I know its 0+1 Thats like my dream setup, you get the best of both worlds, speed and protection.. half the space though which sucks But I dont see the point in having 1TB of space [so much space] when you can lose it all when just one hard drive fails Can you striped 8 HDs together? (thats his setup right?)Originally posted by Vehementi
That's certainly not what I would do if I had $800 to spend on hard drives, but ok...
And agissi that's called RAID0+1, most every modern RAID controller supports it.
Then what would you do?That's certainly not what I would do if I had $800 to spend on hard drives, but ok...
Yes! Each hard drive connected to the array stores the parity information in a RAID 5. The data is then spread around to all the disks. So yeah, unlike in a RAID 0+1, you wouldn't need extra hard drives mirroring the information. You might put those extra hard drives to use elsewhere or if you had planned for this type of situation you probably would not have purchased any extra disks to begin with.Originally posted by ---agissi---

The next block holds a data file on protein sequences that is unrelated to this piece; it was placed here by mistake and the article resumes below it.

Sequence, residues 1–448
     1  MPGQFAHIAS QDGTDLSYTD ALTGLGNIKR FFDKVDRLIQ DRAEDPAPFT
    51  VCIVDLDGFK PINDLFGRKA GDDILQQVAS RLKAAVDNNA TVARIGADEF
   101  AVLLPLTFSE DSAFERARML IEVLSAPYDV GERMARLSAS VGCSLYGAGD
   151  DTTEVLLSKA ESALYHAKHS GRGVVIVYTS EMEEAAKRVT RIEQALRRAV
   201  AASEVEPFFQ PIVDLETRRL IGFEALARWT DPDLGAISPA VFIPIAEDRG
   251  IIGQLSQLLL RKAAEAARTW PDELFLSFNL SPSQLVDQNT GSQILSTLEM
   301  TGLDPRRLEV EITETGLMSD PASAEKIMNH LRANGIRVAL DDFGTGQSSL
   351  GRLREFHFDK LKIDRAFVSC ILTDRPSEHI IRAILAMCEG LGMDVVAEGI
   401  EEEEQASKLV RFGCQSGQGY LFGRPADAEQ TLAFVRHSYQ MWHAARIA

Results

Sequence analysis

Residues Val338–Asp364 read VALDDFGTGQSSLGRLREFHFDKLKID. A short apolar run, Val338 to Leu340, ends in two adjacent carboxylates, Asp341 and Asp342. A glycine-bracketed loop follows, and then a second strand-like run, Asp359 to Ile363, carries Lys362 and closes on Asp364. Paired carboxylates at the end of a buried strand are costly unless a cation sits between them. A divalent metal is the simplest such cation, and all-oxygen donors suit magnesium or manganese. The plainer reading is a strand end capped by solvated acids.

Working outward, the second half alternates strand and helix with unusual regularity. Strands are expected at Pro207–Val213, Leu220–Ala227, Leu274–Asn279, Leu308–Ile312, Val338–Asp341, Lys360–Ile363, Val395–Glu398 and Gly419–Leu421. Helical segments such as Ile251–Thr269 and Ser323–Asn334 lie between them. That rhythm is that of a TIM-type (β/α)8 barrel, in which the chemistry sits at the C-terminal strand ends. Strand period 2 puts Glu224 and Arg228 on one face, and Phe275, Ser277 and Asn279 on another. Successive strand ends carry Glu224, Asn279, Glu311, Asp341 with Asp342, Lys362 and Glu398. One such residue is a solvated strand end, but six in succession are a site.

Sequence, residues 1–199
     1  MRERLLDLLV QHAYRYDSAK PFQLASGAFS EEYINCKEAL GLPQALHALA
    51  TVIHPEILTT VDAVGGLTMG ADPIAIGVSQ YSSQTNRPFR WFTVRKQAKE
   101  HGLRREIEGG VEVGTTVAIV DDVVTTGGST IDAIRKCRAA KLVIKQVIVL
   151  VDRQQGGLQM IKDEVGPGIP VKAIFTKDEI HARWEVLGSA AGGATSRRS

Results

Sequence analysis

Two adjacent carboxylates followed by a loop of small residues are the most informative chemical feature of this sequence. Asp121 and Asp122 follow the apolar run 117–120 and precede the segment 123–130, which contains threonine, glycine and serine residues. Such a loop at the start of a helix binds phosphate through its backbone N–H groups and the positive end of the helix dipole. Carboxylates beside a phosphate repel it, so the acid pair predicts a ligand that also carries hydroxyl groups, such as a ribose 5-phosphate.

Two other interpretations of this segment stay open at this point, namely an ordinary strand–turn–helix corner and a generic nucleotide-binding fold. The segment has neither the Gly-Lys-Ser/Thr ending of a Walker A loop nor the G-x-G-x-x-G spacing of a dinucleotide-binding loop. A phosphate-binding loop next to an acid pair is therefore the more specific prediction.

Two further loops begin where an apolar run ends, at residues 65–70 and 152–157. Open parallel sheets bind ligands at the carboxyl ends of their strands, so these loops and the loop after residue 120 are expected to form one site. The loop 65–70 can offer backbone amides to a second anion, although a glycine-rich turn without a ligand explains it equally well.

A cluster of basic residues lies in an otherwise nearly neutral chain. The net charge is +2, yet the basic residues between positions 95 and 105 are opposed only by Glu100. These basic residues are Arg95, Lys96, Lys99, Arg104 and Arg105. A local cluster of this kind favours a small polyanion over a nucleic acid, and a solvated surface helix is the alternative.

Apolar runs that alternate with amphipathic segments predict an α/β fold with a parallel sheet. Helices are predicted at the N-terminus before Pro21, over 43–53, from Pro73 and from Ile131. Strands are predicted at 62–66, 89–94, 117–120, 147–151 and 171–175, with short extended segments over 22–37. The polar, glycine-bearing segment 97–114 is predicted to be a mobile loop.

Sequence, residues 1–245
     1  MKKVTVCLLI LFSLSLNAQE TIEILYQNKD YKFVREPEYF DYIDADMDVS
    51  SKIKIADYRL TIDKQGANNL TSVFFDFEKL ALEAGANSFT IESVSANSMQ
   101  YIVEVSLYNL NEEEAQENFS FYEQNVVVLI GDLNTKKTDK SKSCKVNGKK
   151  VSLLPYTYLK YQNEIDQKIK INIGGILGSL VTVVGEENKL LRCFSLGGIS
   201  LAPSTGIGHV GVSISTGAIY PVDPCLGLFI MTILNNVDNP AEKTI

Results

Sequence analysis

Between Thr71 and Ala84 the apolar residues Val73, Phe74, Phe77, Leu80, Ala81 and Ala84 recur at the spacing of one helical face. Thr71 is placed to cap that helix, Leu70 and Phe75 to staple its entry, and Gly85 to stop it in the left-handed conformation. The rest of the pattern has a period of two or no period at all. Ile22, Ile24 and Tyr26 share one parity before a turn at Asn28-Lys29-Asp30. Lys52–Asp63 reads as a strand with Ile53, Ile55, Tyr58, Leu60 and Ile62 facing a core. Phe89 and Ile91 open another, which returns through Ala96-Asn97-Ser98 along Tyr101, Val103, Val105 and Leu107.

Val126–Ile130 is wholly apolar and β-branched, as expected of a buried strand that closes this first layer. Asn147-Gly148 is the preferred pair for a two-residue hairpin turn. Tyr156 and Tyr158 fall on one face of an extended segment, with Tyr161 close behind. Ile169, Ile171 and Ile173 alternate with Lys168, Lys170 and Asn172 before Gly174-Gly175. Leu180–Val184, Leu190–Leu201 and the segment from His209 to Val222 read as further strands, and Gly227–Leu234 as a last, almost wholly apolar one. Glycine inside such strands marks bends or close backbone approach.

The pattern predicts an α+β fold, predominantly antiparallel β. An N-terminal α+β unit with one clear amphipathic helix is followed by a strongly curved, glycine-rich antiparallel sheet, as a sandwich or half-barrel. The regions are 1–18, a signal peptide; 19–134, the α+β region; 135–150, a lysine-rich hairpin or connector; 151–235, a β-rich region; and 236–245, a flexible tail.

but you also get more disk space right?
Remember also, that RAID 5 only only does parity. It does not save all of the data. RAID 0+1 makes a copy of ALL of the data. Its just more protection and that really is the key to 0+1. In my experience RAID 5 isn't going to be used as much as a more fail safe RAID setup. Like LNCPapa stated, RAID 5 isn't on most consumer RAID controllers. Interestingly enough thats really where most of the use of RAID 5 would be. Many businesses wouldn't use RAID 5 simply because it doesn't do enough.Originally posted by ---agissi---
Then why would in the world, would anyone do Raid1 in the first place, when you can do Raid5?
Either just RAID0 or RAID0+1 with 4 74GB WD Raptors I have one of them now, and I can't say how incredibly awesome and how fast it is. Especially when I have a 15GB partition for extracting big files (like 1.4GB .rar's ) and encoding movies in.Originally posted by ---agissi---
Then what would you do?
Not when you have a dozen of them strapped together.Originally posted by Godataloss
From what I've read, the real world performance of raid arrays in desktops is marginally better than standard quality hd.